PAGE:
“We are pleased with the progress of our four patients in the Phase 2 trial as we continue to move forward with this promising technology,” Anthony Cataldo, GT Biopharma’s executive chairman, said in a press release.
The University of Minnesota developed OSX-1550, which is an antibody drug conjugate, or ADC. This class of drug is designed to kill cancer cells only, an approach that’s more targeted than treatments such as chemotherapy.
Scientists who create ADCs achieve precision targeting by linking a cancer drug to an antibody, a protein the immune system uses to kill invaders. The combination of the drug and antibody means an ADC will hone in only on cancer cells, avoiding damage to healthy tissue.
GT Biopharma partnered with the University of Minnesota to advance OXS-1550’s development as a treatment for blood cancers. It delivers a diphtheria toxin to cancer cells that have CD19 protein receptors, CD22 protein receptors, or both, on their surface.
The drug showed promise in earlier trials of patients with relapsed or refractory B-cell lymphoma or leukemia.
The primary objective of the Phase 2 trial (NCT02370160), which started in April 2017, is to determine patients’ overall response rate to eight intravenous injections of OXS-1550. An overall response rate covers both complete and partial responses. Patients may receive two additional doses unless their disease progresses or they experience unacceptable toxicity.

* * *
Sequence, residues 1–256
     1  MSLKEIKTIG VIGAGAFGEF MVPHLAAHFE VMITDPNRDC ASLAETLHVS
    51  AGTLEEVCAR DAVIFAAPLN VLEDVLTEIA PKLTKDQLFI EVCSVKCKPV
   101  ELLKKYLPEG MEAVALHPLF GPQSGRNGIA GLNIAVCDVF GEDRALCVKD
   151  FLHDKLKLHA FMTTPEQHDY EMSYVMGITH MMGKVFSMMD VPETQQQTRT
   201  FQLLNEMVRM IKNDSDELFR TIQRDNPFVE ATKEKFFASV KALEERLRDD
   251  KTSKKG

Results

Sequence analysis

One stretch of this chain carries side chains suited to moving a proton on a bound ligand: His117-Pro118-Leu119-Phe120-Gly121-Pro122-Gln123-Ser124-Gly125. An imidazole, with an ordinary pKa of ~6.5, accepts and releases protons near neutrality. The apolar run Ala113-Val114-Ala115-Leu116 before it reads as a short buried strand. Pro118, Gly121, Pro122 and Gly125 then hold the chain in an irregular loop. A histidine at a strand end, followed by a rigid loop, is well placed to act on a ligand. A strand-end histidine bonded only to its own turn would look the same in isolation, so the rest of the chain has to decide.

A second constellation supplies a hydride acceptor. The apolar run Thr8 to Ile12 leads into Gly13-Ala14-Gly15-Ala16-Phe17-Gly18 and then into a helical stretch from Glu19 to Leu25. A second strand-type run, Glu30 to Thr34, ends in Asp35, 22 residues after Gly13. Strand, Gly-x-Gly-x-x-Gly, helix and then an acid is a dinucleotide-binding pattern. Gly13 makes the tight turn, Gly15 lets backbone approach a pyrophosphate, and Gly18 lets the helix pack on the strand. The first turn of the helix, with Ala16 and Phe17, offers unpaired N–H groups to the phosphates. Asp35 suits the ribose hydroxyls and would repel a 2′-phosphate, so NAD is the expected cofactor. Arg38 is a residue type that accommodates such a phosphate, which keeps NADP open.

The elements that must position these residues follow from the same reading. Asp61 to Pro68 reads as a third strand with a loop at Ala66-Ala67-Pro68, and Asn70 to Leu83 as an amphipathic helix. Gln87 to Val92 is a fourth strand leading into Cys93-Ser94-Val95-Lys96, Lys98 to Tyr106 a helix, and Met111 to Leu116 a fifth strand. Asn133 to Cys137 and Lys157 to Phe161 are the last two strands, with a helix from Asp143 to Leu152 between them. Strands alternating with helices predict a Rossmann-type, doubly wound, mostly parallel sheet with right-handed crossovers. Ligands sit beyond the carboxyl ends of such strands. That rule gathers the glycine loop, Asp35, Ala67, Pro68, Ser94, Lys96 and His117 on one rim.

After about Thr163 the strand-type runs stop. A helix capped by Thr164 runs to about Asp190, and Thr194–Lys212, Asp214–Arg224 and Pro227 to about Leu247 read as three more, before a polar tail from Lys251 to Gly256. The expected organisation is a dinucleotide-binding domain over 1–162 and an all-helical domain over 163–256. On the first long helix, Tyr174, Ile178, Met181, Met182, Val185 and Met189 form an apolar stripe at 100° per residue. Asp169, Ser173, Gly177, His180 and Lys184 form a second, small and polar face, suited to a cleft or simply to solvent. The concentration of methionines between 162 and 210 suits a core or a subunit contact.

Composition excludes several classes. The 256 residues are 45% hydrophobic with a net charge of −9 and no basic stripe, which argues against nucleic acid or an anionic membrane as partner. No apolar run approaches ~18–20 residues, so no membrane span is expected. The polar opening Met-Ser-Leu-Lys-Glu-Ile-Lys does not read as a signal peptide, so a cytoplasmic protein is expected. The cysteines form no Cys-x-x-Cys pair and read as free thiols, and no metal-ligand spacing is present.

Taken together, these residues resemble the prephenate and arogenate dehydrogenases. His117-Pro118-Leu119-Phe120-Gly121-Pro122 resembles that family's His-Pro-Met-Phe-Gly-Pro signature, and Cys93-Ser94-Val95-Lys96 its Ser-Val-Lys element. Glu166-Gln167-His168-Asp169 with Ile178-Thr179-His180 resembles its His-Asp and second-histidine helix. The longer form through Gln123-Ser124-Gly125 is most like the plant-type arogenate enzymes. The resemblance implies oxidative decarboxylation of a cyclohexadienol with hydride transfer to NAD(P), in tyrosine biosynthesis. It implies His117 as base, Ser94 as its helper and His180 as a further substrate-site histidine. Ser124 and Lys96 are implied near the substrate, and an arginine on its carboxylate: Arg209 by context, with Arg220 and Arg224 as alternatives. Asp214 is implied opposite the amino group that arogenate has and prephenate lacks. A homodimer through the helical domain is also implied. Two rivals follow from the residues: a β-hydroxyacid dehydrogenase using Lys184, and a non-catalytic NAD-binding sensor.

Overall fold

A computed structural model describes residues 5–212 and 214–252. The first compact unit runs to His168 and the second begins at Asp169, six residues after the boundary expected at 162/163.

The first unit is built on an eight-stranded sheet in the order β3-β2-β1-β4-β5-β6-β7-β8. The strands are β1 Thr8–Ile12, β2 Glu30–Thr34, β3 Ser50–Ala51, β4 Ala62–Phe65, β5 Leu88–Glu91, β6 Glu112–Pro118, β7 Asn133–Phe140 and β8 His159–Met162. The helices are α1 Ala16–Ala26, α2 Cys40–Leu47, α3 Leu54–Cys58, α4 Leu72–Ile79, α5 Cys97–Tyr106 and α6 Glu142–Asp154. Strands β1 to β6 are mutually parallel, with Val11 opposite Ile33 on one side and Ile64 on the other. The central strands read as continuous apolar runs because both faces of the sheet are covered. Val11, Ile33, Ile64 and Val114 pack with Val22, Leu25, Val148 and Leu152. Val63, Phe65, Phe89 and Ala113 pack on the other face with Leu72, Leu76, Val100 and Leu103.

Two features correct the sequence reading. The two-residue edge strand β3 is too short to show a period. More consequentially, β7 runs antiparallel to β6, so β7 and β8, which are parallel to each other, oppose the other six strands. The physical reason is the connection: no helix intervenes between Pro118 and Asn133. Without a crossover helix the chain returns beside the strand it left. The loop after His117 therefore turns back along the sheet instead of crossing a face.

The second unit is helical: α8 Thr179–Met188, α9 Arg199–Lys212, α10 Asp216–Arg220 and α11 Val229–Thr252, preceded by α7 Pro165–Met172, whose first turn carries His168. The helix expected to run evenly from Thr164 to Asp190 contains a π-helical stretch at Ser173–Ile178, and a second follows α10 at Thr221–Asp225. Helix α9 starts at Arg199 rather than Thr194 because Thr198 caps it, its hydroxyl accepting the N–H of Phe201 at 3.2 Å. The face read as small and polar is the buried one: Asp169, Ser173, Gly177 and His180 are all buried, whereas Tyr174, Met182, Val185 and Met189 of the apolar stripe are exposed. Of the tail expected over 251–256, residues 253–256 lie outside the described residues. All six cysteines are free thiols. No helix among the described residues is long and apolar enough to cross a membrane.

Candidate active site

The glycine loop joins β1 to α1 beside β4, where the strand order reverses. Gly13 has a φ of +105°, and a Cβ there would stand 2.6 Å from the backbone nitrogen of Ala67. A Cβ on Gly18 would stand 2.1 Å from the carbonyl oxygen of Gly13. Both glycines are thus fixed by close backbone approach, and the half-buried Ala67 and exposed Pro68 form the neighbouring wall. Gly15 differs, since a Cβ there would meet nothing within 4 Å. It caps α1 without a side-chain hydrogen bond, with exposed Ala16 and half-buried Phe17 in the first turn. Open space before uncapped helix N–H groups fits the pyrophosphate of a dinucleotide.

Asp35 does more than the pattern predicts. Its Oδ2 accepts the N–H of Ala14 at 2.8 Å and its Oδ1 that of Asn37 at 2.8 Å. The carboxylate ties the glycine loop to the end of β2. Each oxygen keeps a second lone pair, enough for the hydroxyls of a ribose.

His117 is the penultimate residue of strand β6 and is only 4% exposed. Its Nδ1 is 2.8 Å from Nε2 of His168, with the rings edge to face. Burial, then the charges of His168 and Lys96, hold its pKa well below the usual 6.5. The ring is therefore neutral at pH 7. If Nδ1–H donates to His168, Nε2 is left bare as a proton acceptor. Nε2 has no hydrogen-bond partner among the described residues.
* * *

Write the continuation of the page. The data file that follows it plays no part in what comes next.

The main results of the study are expected in early 2018. The Phase 2 trial follows a Phase 1 study (NCT00889408) in which researchers determined the highest tolerated dose of OXS-1550.
The therapy “performed well in Phase 1 studies of blood cancers,” said Dr. Kathleen Clarence-Smith, GT Biopharma’s chief executive officer. “Enrollment in the Phase 2 study is advancing rapidly, and we look forward to providing a targeted immunotherapy product that has the capability of treating a number of different liquid tumors.”
Dr. Daniel Vallera, director of the Molecular Cancer Therapeutics program at the University of Minnesota’s Masonic Cancer Center, who helped develop OXS-1550, said the start of “Phase 2 patient treatment is a key opportunity to demonstrate the effectiveness of this promising cancer therapy.”
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